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  • Writer's picturePetra

Learn to Meditate

Where to Start and How to Stick to It

Meditating has become somewhat trendy in recent years, yet it doesn’t enjoy the same hype as postural yoga. Perhaps because it’s harder to make it cool enough for the ‘gram?


Meditation might not be the most photogenic thing to do, but even science has finally confirmed what the ancient sages new for ages. Meditation is a valuable tool of self-discovery and self-connection as well as of prevention from and complimentary treatment to anxiety, burnout, depression, chronic diseases and much more.

Meditation, when practiced regularly, can literally re-wire your brain. In the language of neuroplasticity, meditation helps us change neural pathways by building and repeatedly using new ones. New connections in brain lead to change of behavioral programs and patterns that we may carry since childhood, resulting in greater awareness, clarity and peace of mind.


To meditate is simple. You sit or even lie down (provided you can stay awake) somewhere comfortable, breathe easefully and become aware of your thoughts, allowing them to come and go without any judgement. Simple indeed, but…daunting.

I still vividly remember, when I started my yoga journey with regular asana class, I always dreaded those 4-7 minutes of silent concentration at the end of a class. 7 short minutes and I hated every second of it.

I hated every second of it.

It was there where I decided that I have to learn to meditate, because there’s clearly something in there for me. It wasn’t acceptable for me not being able to sit with myself in silence for a few minutes without my head exploding with chaos of thoughts.

That summer, I embarked on a month-long trip to India with my sister and we enjoyed a week-long stopover in Rishikesh to experience authentic ashram life. It was my moment to learn to meditate.

Having struggled through a few minutes of meditation until then, imagine my shock when we sat down for our first meditation on the day of our arrival and after 15 min of guided pranayama the teacher got quiet and we were left with our malas, mantra and silence for the remaining 45 minutes. FORTY. FIVE. MINUTES.

I went through hell, but it worked. I didn’t reach enlightenment. I didn’t even manage to shut my mind up, but I got hooked. Over the week, I became lot more aware and selective about my thoughts and I even enjoyed short momentary glimpses of quiet thoughtless bliss. The calm I experienced for hours after was enough for me to understand the immense value of regular meditation practice.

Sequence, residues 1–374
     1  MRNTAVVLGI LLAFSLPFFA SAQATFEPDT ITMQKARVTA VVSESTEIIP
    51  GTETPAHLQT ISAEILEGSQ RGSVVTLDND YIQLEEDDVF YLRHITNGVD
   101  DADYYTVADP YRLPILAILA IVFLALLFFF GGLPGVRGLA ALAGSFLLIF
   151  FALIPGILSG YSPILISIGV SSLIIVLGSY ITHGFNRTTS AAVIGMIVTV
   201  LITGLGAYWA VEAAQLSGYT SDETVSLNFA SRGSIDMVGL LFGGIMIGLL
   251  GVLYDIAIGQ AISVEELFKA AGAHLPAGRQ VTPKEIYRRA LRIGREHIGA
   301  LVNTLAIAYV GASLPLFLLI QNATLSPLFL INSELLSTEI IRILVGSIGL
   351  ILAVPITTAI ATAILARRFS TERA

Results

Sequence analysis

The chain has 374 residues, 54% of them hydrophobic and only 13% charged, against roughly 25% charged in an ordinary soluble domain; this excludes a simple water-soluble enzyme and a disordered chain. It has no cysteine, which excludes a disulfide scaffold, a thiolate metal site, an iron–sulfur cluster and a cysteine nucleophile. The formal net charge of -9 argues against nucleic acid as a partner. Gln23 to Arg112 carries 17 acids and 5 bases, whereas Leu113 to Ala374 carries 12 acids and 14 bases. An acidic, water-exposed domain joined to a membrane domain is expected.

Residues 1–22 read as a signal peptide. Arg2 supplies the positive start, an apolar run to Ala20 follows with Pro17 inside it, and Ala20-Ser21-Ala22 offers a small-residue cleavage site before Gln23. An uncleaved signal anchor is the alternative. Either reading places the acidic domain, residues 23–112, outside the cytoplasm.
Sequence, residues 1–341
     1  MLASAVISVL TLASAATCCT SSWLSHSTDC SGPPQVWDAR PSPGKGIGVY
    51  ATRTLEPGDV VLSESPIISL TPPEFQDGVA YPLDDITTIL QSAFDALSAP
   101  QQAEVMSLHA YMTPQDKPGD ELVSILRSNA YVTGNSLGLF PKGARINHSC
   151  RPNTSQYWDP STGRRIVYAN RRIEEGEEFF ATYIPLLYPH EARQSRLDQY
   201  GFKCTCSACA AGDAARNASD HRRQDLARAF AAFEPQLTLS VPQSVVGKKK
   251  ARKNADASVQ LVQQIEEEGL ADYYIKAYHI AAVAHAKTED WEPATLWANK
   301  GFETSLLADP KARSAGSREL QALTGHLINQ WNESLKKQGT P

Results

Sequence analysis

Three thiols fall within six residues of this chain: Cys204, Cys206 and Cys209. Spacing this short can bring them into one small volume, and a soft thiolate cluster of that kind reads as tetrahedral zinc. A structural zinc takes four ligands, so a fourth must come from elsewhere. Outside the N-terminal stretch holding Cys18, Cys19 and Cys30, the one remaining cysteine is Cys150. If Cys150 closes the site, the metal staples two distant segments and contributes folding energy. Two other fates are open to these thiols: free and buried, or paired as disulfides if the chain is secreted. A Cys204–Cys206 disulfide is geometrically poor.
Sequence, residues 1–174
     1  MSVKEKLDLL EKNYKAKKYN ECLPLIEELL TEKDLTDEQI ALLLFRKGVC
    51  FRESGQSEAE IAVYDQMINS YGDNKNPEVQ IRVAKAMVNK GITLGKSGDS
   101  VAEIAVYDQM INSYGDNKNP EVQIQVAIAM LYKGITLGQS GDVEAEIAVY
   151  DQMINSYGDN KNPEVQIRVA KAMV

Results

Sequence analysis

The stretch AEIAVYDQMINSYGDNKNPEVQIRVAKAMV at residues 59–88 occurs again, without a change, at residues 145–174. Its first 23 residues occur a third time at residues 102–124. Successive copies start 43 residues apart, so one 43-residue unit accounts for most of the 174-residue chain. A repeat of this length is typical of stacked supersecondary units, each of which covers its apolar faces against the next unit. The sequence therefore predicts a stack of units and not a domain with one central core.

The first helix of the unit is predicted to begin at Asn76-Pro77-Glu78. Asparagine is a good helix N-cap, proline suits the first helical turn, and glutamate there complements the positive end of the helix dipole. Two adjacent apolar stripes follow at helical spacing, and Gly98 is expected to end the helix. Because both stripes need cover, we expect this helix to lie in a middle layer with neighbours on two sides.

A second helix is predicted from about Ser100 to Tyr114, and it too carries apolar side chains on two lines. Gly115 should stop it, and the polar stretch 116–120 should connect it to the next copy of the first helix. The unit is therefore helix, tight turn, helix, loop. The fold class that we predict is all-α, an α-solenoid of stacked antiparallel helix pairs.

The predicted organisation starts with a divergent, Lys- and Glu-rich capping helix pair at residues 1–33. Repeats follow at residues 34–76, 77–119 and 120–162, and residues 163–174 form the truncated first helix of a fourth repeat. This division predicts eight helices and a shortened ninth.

The ultimate aim of yoga to which meditation leads is indeed thoughtlessness. It’s the “chitta vritti nirodha” (sutra 1.2.), complete cessation of the mental fluctuations of the mind.

It's a long journey. Perhaps several lives long. Having an interim goal is therefore handy.


Imagine your thoughts being vehicles in a chaotic busy street. There’s cars and motos, humans and animals and it’s crowded and noisy. There’s more and more vehicles arriving and there’s about to be an accident.

The traffic is your mind busy with thoughts. You are the traffic master, who will organize the traffic, but it’s hard to do when you’re in the middle of it all. Take a step back by sitting quietly and observing who’s on the street and whether their presence brings any value. Do you really have to occupy yourself with each an every thought right in this moment?

Now organize that traffic. Let go of the thoughts that aren’t necessary and continue observing those that persist or keep coming back. Your aim isn’t to clear your mind completely, your aim is to become aware and observe your thoughts, then let go of those that do not serve you at that moment. If you come across a thought that is persistent, or seems like it carries a message, sit with it for a moment. Allow it to be.

Your aim isn’t to clear your mind completely, your aim is to become aware and observe your thoughts.

You want a fluid traffic of thoughts on the road of your mind. Thoughts come and go, it’s up to you whether and how you react to them.

This skill in meditation works magic in life. Imagine being able to pause whenever you get triggered, take a deep breath, recognize where your trigger is coming from and deal with the situation calmly and gracefully. This will have such a positive impact on your wellbeing and on your relationships with your loved ones and in community.


Although sitting for 45 min straight in silence worked for me to break the resistance, such cold turkey approach is not for everyone. Yoga is kind and loving, it wants us to experience peace and happiness, so it offers different ways for different personalities and learners.